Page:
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Am I more aware of my surroundings when my surroundings demand that I be more aware in order to be safe and survive?

Suddenly the question seems rather silly.

I mean, if I ma riding swiftly along an MUP with some piles of leaves, some blind turns, , a few issues with pavement ---- I am more aware and alert than when I am cruising down a wide straight MUP with perfect pavement where I can see for half a mile.

Almost as if cars were not a part of it at all ......

I have done decades of ugly urban commuting. I learned to coexist.

As for the comparison between riding with cars and doing drugs .... nothing related. Some guy who used to look just like I used to look back in the day tried everything and reports back that you shouldn't get confused so easily.

That's like saying sticking your hand under a heat lamp is just like being out in the sun in a hot day because both make your skin warm---and both a re basically like falling into a campfire .... it is like saying that all experiences in life are similar because you are breathing during all of them.

Don't do drugs. Ride your bike.

I was going to jump on you for the "cagers"remark, but nah. You meant well. You seem like a decent person who just hasn't done drugs ... which means you have a slightly narrower range of experience and a lot less avoidable damage. You are way ahead of the game.

Try qigong. Once I started practicing Falun Dafa I stopped smoking my daily two or three clove cigarettes, and in time stopped all extracurricular medication. There really are better ways to get high---takes more work but well worth it.
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Old 12-22-20, 12:30 AM
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From the Urban Dictionary, since the more ahem, senior respondents were going to Webster’s:

cager
a popular word among motorcyclists and bicyclists for four wheeled motor vehicle drivers. The term is often used in a derogativesense, because the car body effectively forms a cage, isolating the said driver from having to interact with other road users.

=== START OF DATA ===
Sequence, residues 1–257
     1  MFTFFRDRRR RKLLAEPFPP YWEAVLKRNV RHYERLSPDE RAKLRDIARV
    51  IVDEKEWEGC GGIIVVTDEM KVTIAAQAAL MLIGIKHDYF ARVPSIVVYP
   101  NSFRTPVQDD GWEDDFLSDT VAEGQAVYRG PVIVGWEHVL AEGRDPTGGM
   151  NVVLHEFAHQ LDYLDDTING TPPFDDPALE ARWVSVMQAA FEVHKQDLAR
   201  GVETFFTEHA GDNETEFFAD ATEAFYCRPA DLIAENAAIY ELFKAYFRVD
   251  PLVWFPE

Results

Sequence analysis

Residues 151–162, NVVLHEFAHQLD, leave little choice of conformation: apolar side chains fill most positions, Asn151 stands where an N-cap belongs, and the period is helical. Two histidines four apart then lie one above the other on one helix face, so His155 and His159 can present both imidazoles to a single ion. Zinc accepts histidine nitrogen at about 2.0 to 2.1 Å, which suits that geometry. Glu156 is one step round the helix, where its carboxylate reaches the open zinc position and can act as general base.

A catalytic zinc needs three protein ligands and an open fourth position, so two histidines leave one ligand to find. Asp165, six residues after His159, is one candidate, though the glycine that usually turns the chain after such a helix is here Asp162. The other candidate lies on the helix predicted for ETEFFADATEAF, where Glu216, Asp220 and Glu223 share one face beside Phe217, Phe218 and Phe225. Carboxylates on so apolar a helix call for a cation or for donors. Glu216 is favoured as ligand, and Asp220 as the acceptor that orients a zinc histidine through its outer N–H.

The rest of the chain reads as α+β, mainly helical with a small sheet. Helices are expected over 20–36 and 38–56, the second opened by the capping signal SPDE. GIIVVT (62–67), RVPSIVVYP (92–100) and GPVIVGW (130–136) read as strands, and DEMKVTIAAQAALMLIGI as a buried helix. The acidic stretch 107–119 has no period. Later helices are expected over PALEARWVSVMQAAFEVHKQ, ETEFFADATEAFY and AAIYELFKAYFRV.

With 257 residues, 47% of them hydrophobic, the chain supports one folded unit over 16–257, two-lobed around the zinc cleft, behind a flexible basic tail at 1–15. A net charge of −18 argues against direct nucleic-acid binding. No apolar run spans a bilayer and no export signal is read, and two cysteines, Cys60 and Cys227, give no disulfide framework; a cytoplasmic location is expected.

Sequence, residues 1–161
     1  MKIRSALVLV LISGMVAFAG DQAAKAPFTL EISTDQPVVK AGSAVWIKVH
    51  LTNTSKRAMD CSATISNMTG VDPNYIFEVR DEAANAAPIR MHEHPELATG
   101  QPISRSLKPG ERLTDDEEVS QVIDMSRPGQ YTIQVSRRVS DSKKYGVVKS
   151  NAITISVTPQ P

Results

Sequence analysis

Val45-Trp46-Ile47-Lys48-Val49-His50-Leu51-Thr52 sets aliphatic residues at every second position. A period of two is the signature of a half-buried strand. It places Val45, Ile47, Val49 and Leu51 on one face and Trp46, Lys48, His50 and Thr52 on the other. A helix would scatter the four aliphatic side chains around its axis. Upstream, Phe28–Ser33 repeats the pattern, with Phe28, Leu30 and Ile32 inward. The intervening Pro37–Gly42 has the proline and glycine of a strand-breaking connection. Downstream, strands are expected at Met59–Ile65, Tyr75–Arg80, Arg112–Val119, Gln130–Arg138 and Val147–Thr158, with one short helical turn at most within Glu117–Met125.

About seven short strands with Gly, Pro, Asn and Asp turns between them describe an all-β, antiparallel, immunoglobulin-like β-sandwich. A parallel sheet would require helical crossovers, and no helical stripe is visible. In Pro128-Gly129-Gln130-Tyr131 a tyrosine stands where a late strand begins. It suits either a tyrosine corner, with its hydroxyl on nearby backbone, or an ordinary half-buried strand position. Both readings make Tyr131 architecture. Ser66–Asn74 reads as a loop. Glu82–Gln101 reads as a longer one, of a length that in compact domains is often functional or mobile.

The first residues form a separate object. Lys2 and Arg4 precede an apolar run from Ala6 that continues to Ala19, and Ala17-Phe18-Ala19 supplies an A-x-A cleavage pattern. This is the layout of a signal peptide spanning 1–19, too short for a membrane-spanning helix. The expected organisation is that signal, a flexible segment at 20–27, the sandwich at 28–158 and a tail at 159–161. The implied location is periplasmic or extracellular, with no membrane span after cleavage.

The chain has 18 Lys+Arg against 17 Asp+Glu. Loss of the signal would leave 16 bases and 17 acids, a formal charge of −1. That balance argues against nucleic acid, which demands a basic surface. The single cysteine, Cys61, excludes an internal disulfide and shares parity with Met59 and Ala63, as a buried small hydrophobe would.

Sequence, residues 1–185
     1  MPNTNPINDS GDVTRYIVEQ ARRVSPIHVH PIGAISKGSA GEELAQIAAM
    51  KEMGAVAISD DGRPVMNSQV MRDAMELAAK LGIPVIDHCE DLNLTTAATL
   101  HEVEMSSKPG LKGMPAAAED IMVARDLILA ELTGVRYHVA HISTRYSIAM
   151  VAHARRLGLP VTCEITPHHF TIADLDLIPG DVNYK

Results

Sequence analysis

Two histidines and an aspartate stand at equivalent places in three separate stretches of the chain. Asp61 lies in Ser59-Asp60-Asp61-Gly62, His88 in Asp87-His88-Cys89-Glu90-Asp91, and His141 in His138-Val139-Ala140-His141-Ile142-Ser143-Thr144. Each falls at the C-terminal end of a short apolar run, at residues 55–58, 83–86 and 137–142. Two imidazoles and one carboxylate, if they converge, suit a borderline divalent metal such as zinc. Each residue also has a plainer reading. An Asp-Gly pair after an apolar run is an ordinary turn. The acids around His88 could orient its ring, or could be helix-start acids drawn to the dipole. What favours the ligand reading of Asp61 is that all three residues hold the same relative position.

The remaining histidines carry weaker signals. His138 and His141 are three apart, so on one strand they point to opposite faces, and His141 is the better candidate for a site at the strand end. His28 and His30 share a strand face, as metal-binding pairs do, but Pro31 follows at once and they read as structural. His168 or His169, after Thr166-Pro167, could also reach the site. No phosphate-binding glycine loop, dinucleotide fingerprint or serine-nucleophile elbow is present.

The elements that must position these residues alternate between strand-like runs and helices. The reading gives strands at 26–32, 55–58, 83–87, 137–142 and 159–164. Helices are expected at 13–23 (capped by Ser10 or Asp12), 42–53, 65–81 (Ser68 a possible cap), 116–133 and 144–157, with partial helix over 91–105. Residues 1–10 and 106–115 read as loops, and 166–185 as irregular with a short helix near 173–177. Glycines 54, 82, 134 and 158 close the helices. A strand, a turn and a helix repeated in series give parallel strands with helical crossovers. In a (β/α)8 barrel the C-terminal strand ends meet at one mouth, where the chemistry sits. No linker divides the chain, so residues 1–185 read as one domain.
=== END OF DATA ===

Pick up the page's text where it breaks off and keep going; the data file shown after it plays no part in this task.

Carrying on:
The term was coined by motorcyclists.

Personally don’t have a problem with the word. So many words have morphed over time and made it into “legitimate” dictionaries, it’s probably just a matter of time. Hard to stop progress, even if it appears backwards. I first thought a cager was U.K. slang, maybe like a punter.

I used to commute out of downtown Seattle at rush hour in the thick of busses, taxis, motorcycles and countless cars cutting back and forth around stopped busses, avoiding idiots not paying attention and first responders on a tear. It was exciting with all senses at the max. Was it like any drugs I took? Nope, more like having 3 big cups of coffee.

I ride a two lane highway with a 55 limit with lots of semis and dump trucks. I can’t avoid it if I want to get home. It definitely motivates me to get off it as quickly as possible. The unfortunate thing is that it’s uphill. The only drug there is called fear.
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Old 12-22-20, 07:07 AM
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So, laying aside the use of the word "cagers", the answer is yes. But it's not a low level continuous boost of adrenaline, which wouldn't be physiologically healthy at all (weight gain, heart and blood vessel deterioration, insomnia, etc.). I hope that this isn't what the OP is asking, because the question is imprecise.

Rather, the once-in-a-while encounters that cause you to veer, brake hard to avoid collision, or jump out of your skin because of a near death experience of some sort, these cause larger adrenaline dumps that last for a few minutes. My normal response is rage and feelings of fear, as when smaller prey escape sure death. Adrenaline is a good thing, but surely not in daily doses.
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Old 12-22-20, 09:21 AM
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Just curious, what offensive word do drivers refer to bikers with? Anyone?
Tim
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Old 12-22-20, 09:31 AM
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Cager is outlaw biker talk. Biker is also outlaw biker talk--a biker being a particular type of motorcyclist, an outlaw type. This goes back to at least the 1960s when I became aware of the terms. It's odd to see bicyclists talking so.

Last edited by boilermaker1; 12-22-20 at 09:36 AM.
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Old 12-22-20, 09:36 AM
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Is this thread about old-timey basketball players?
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Old 12-22-20, 09:39 AM
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Originally Posted by boilermaker1 View Post
Cager is outlaw biker talk. Biker is also outlaw biker talk--a biker being a particular type of motorcyclist, an outlaw type. This goes back to at least the 1960s when I became aware of the terms. It's odd to see bicyclists talking so.
Remember Twin Peaks bar in Waco? Now that was some outlaw biker action...


I don't see any cyclists in the group, though.
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Old 12-22-20, 10:18 AM